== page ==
People all over the globe are experiencing unprecedented and often hazardous situations as environments change at speeds never before experienced. This edited collection proposes that anthropological perspectives on landscape have great potential to address the resulting conundrums. The contributions build on broadly phenomenological, structuralist and multi-species approaches to environmental perception and experience, but they also argue for incorporating political power into analysis alongside dwelling, cosmology and everyday practice. The book’s 13 ethnographically rich chapters explore how the material and the conceptual are entangled in and as landscapes, but it also looks at how these processes unfold at many scales in time and space, involving different actors with different powers. Thus it reaches towards new methodologies and new ways of using anthropology to engage with the sense of crisis concerning environment, movements of people, climate change and other planetary transformations. Dwelling in political landscapes: contemporary anthropological perspectives builds substantially upon anthropological work by Tim Ingold, Anna Tsing and Philippe Descola and on related work beyond, which emphasises the ongoing and open-ended, yet historically conditioned ways in which humans and nonhumans produce the environments they inhabit. In such work, landscapes are understood as the medium and outcome of meaningful life activities, where humans, like other animals, dwell. This means that landscapes are neither social/cultural nor natural, but socio-natural. Protesting against and moving on from the proverbial dualisms of modern, Western and maybe capitalist thought, is only the first step in renewing anthropology’s methodology for the current epoch, however. The contributions ask how seemingly disconnected temporal, representational, economic and other systemic dynamics fold back on lived experience that are materialised in landscapes.
Foremost through studying how socially valued landscapes become irreversibly disturbed, commodified or subjected to wilful markings or erasures, the book explores a number of approaches to how landscapes are entangled in the ways people gather and organise themselves. Mindful of troubling changes in Earth Systems, all the authors argue from empirics. They show that processes of landscape change are always both habitual and laden with choices. That is, landscape change is political. Undoubtedly, landscape politics is bound up not just in how nature has been imagined, but in long histories of consumption. Today, an alarming quest for raw materials and energy continues to change both political and geological formations. Meanwhile dominant socio-political aspirations mean the exploitation of staggering volumes of cheap resources like fossil fuels in order to sustain economic processes that are as taken-for-granted as they are unsustainable. Like anthropology generally, this book attends to the contextual details buried in such planet-scale pictures.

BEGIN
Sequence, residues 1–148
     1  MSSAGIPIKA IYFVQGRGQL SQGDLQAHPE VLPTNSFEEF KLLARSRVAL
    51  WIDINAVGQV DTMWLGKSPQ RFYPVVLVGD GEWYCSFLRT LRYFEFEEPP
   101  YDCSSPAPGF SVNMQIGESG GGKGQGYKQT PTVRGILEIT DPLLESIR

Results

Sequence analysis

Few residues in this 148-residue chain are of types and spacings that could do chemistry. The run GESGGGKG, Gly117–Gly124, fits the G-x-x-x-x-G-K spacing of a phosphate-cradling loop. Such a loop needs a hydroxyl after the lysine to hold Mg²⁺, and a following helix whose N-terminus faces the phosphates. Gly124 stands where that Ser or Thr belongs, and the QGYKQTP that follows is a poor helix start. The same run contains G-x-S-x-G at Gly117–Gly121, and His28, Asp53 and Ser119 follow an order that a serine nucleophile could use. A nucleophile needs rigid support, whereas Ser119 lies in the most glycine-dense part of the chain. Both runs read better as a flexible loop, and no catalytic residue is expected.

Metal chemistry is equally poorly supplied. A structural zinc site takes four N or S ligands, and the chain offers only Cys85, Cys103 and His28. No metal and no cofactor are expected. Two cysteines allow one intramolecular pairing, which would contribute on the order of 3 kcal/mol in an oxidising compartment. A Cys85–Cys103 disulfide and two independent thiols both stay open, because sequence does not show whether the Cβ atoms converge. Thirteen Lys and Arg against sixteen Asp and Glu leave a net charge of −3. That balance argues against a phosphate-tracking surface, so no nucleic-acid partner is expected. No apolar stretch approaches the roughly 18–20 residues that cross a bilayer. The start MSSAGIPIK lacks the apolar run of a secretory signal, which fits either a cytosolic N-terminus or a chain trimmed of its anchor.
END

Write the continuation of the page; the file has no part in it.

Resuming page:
Building on traditional anthropological strengths, many authors consider the details of how the past is brought into the present – or erased from it – in material flows and sensory awareness, as well as in narratives that are explicitly linked to particular landscapes. Colonial identity formation and the different ways that it links with how landscape is viewed and managed (for instance for resource development for a global market), whether in Southern Africa, Israel/Palestine, the Canadian arctic or Indonesia, is a particularly striking example of how to talk about landscape is also to talk about past, present and future. And as the idea that we inhabit the Anthropocene becomes commonplace, the discipline can meaningfully discuss the current era as one of disavowed ruins as well as of poorly understood multispecies relations.
To think of landscape as historically produced across multiple scales, does not mean ignoring its sensuous qualities let alone its role in cosmological systems. On the contrary, the analyses in the collection attend to the ways people’s movements through the landscape produce it as a material and conceptual resource. Taken together, the book’s ethnographic analyses take on board the unprecedented conditions under which people everywhere are having to make sense and forge relationships to the worlds they inhabit. Since landscapes are not what they used to be, neither can anthropology be.Book Details